We need to become people who are honest about our power, honest about our part in economically keeping others down and the ways that we stand in the way of others having their fair wage. Then we need to hire others as we are able, advocate for better daily wages for all and for equal employment opportunities.

Lectionary Cycle B: Proper 20A/Ordinary 25A/Pentecost +19

Wednesday, September 10, 2008

more than ammunition for a sling shot

Romans 14:1-12

This text has the obvious message that we should not judge our neighbor. But even more to the point, it urges us to be glad that our neighbor (who may be acting in all sorts of ways that we would not approve of) is in the care of God(dess). This text is more than ammunition for a sling shot for the powerless to sling at those with power and privilege. It calls us all to respect the faith of the "other."

This is why I always ask those who try to tell me about how my life sits in the eyes of God(dess) to pray for me. I can't know what they pray for when they pray for me. But still, I seek to honor their faithfulness to God(dess) and to recognize our kinship.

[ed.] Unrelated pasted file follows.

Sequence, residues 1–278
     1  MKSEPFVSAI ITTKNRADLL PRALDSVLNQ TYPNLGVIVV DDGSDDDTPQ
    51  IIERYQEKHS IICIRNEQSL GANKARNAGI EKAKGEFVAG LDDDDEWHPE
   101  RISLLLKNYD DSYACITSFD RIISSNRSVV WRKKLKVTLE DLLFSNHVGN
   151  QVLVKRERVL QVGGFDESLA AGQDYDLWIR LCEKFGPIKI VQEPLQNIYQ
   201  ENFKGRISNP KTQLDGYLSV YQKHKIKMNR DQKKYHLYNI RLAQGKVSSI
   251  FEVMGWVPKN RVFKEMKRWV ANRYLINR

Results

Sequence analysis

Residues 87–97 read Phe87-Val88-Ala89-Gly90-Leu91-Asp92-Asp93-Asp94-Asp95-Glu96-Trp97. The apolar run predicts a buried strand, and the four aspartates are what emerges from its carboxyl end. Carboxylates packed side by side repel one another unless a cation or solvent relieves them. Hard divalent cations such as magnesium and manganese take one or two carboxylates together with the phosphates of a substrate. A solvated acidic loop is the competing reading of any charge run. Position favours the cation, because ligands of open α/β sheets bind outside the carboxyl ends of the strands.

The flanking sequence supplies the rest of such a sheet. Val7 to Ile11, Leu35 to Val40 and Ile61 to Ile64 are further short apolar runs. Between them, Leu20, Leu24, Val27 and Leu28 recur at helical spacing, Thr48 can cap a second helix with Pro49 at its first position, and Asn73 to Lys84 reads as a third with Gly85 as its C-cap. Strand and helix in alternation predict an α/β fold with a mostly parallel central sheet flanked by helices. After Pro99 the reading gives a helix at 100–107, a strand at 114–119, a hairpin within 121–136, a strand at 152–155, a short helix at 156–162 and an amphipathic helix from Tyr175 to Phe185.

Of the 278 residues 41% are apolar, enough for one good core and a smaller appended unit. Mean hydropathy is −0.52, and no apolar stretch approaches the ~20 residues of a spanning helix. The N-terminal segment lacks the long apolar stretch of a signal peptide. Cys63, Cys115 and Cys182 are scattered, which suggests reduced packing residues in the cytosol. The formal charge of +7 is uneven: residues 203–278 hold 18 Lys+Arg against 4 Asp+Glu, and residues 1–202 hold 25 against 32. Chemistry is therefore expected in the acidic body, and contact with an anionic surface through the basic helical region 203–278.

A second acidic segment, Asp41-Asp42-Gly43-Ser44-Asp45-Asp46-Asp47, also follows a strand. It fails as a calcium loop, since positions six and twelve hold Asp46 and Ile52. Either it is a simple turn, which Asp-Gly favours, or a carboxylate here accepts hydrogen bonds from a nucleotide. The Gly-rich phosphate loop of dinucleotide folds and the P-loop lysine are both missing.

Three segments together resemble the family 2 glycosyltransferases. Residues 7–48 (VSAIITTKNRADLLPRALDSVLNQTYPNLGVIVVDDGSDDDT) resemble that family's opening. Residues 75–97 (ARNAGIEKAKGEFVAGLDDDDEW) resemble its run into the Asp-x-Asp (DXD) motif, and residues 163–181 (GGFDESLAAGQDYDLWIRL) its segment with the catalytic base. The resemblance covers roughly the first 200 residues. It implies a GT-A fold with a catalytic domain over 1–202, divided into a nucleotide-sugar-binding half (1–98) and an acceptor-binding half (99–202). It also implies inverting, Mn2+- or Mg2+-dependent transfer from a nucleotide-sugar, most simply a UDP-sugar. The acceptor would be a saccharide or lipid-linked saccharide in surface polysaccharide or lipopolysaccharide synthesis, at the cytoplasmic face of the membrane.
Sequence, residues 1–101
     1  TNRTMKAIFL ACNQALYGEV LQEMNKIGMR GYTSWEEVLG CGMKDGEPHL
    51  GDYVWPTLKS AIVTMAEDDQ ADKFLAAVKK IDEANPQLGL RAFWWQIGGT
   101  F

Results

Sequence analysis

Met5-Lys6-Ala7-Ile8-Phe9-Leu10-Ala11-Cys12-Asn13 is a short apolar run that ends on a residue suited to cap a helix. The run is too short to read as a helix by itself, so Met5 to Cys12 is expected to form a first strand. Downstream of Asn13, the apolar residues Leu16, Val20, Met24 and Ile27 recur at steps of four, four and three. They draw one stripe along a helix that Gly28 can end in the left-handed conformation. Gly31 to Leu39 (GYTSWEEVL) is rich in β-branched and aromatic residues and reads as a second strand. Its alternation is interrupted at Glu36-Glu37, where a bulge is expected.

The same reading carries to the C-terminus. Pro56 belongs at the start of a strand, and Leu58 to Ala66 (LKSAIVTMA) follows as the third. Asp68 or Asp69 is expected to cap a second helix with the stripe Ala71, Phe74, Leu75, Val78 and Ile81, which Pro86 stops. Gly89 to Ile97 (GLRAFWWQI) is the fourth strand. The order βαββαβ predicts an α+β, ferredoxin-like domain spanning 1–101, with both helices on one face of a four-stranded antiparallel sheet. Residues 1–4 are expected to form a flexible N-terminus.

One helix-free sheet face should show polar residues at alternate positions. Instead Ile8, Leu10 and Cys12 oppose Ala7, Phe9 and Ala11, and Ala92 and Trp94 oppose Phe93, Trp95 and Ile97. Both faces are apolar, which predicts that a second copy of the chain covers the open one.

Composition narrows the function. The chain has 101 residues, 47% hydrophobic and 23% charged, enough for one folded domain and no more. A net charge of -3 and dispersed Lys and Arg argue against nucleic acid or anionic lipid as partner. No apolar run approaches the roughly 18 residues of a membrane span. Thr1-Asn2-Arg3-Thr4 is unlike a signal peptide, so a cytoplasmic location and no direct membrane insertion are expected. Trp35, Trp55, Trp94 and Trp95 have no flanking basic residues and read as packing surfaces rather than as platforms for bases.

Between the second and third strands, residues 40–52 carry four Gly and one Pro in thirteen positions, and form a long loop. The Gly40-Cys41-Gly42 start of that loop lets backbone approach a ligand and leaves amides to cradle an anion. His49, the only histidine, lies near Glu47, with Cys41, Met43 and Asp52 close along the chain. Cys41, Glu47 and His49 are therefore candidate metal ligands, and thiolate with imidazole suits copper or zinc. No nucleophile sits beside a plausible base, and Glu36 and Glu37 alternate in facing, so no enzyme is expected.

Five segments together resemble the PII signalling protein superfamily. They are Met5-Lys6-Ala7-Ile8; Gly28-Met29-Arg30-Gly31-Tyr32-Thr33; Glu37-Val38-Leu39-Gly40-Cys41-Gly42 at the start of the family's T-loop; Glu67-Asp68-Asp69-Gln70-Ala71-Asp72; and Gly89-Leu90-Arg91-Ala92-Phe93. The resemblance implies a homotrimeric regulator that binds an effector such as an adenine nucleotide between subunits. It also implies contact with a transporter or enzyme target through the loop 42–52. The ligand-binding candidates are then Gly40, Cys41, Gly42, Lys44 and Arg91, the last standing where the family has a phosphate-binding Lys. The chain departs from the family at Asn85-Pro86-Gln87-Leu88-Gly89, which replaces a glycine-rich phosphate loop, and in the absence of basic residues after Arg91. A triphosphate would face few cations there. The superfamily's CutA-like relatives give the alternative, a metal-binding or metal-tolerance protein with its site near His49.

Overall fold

My work is to continue to remove the barriers that prevent all people from sharing the same communion table. Sometimes this means taking the bread (or the crumbs) from the table, outside church walls to all who are hungry. Othertimes it means restraining my tongue and my judgements, so that even those who I disagree with the most strongly can see my table manners and eat with me.

Lectionary Cycle B: Proper 19A/Ordinary 24A/Pentecost +18

Monday, September 8, 2008

By any other name...

Matthew 18:21-35

Certainly, this text calls us to remember that we are all equal in our need for forgiveness. Beyond that, it also reminds us that the road for one is not the same road for all. God(dess) calls some to be pastors, some to be construction workers, some to be parents, some to be queer, some to be single.